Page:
So, a few suggestions from a journeyman pastor:
- Be intentional about building friendships with other ministers – especially those of your own tribe! Those men and women are not your rivals, nor are they out to take advantage of you (for the most part – back to that fallible men thing). You need someone to help you ‘keep it real’ and to hold you accountable.
- Prioritize opportunities for fellowship with other ministers. Often pastors feel guilty using up the finite amount of time they have on something so seemingly unproductive as fellowship with other preachers, but that is a trick of the enemy. The truth is that often the word we need to hear or the encouragement we need is in escrow with that pastor friend that you aren’t making time to hear. Almost everything on the pastor’s calendar is timed at his or her discretion, and short of a real emergency (not one perceived by others’ impatience) there is room to carve out time to be intentional and include significant time interacting with others who are carrying the same or similar burdens. We’ve got a lot of Marthas carrying credentials and banging pots, and missing moments of true spiritual connection and enrichment in the process.
- Deal with your own insecurities! This one should have probably been first on my list. There’s no place for paranoia in ministry, but we seem to have more than our fair share. Do as scripture says and give the benefit of the doubt to your peers rather than always looking with those untrusting eyes for ulterior motives. And by the way, the next time you hear someone in a position of authority or influence resort to that ‘preacher-speak’ and try to manage you, don’t play along! Look past it and see the man or woman for who they really are – just another man or woman trying to make it work – and try to find a way to connect with them on that level. It won’t always be possible, but they will be the ones that lose out if you are unsuccessful, so try to plow through the jargon and touch the man. YOU might be the one who’s holding escrow on THEIR next word from God, after all. Even ‘Napoleon’ needs Jesus and friends. Here’s the deal – we need each other!
- Refuse to be intimidated and don’t be a bully! Wow, that’s harsh, but both happen far more often than genuine connections do. A pastor who is faithfully in God’s will has absolutely no reason to feel emotional distress or to succumb to anxiety around others whose context may appear to be more significant. As a matter of fact, the search for ‘significance’ for it’s own sake can be contrary to the very idea of servanthood and is often corrupted by vanity in church clothes — God has called us to be instruments, not trophies, and the very worst thing we can do is try to impress Him instead of serve Him! Man’s favor is curried and sought, but true spiritual favor from the Lord is given in response to faithfulness and relationship. As for being a bully, the very act of stratifying our relationships based on the temporary exigencies of our present position is a recipe for disaster when the wind inevitably blows the other way in your ministry. You need friends in ‘high’ places and ‘low’ places (sorry Garth), friends with large responsibilities and friends with relatively few — in fact, true friendship is not based on station, but on intentional connection and compatibility. We unintentionally become spiritual and emotional bullies when we rush past the outstretched hand of fellowship from that brand new pastor trying to find his place in the tribe in favor of others who are already in the loop who may seem more ‘important’.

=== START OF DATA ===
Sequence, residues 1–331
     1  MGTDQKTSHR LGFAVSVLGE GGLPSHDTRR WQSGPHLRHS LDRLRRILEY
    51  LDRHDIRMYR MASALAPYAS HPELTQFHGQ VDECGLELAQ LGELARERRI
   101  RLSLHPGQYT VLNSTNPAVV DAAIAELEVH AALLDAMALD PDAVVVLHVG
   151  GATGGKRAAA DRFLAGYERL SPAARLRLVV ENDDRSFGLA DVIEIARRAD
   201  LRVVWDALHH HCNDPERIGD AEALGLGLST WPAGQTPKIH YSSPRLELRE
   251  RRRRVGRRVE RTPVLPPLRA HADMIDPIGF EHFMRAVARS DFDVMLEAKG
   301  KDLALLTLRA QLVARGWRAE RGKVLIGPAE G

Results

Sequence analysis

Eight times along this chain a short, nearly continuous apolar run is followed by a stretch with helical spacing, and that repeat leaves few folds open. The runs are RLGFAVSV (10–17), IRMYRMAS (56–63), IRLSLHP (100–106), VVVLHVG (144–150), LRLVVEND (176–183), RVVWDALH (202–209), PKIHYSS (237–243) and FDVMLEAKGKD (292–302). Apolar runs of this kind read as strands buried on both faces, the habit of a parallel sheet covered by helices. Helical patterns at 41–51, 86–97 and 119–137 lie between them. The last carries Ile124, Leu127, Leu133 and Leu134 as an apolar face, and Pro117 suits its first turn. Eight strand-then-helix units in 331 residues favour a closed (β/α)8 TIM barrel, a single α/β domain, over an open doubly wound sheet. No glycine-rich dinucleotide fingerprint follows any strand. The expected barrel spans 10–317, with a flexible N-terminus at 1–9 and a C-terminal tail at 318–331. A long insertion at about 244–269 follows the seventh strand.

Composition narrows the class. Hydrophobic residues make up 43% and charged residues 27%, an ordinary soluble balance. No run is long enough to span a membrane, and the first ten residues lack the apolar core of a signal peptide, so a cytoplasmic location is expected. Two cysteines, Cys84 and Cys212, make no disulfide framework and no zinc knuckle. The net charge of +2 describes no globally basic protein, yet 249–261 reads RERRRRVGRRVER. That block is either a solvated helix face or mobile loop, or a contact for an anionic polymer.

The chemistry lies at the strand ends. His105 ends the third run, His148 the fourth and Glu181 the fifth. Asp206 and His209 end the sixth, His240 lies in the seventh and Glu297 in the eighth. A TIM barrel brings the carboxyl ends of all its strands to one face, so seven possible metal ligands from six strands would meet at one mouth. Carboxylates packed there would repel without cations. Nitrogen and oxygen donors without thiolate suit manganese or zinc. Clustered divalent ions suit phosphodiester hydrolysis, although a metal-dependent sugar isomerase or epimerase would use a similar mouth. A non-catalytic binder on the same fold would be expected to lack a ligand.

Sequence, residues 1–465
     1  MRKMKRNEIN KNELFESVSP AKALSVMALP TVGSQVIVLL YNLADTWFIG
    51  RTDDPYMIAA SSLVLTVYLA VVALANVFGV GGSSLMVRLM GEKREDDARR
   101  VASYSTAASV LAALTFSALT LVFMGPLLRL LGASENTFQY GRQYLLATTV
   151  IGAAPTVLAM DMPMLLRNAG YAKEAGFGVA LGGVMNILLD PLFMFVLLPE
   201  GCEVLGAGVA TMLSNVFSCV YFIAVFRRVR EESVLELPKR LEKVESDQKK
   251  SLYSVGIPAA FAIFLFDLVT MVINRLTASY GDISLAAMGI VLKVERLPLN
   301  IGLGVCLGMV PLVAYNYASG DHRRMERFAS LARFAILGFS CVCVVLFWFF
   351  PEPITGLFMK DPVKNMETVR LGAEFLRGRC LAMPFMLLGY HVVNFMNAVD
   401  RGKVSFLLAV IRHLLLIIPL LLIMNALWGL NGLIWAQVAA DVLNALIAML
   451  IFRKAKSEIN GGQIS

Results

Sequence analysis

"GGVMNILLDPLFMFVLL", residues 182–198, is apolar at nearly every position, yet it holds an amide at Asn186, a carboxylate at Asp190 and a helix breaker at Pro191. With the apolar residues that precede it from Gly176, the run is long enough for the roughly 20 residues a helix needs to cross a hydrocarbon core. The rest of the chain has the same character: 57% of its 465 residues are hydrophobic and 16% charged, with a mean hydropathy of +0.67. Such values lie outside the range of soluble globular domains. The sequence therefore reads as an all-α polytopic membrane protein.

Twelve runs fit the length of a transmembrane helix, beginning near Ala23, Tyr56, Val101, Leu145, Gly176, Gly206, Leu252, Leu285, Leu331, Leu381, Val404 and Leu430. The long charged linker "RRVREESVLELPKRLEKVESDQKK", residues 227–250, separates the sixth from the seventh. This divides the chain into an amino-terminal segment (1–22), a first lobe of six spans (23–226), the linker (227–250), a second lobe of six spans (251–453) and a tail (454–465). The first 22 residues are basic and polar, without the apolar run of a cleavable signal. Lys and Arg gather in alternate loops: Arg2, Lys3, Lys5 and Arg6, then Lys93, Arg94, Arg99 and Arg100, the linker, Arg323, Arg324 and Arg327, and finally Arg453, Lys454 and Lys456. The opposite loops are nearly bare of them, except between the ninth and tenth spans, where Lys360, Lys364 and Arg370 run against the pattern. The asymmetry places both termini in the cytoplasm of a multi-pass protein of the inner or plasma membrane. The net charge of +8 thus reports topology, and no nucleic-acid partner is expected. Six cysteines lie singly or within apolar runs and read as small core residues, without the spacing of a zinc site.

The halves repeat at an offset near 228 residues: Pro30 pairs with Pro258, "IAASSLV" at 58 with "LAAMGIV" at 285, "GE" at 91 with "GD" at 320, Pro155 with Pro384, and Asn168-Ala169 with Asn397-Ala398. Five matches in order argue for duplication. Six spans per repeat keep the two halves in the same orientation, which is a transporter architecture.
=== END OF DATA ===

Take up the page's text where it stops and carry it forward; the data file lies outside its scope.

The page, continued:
- For heaven’s sake, if there’s something hidden in your closet, pray through and make restitution where possible! We all know the stories….this preacher caught in adultery, this other preacher clandestinely carting away cash from the treasury or misallocating funds, yet another conspiring to hide his own personal misdeeds with lies and deception….it’s the case that often people don’t want relationships because it makes them vulnerable – the very thing Christ told us that we ought to be with one another. Just because we are in ministry does not change the kingdom dynamics of our spiritual lives….sin still kills! The thing is, when we don’t deal with it we hurt a lot of people in the process and for it we face a stricter judgment (James 3:1). Pastors are just men and women. Our position doesn’t legitimize rationalizing sin nor does it absolve us of it’s penalty. The closer we are to others who fend off the same kinds of temptations we face the more likely that we can avoid succumbing to sin’s allure. It’s been said that the first step to getting out of a hole you are digging is to stop digging. I would suggest the immediate second step should be to hand the shovel to someone you trust!
OK – time to land this thing (sorry for the opus, but this is close to my heart). Many if not most of the people who don’t finish their course in ministry are lost because they lose their joy in the heavy lift. This is intended to be a corporate effort, and the only true and lasting impact we will have – the only truly ‘significant’ contribution we can hope to make – is in the service of the larger kingdom and not in singular reliance upon ourselves. As I said before, God’s not looking for heroes, celebrities, or trophies – He’s looking for servants, and the outcome of the corporate lift is His responsibility, a burden we dare not try to place on our own shoulders, especially in isolation from others called to the task. BLESSINGS!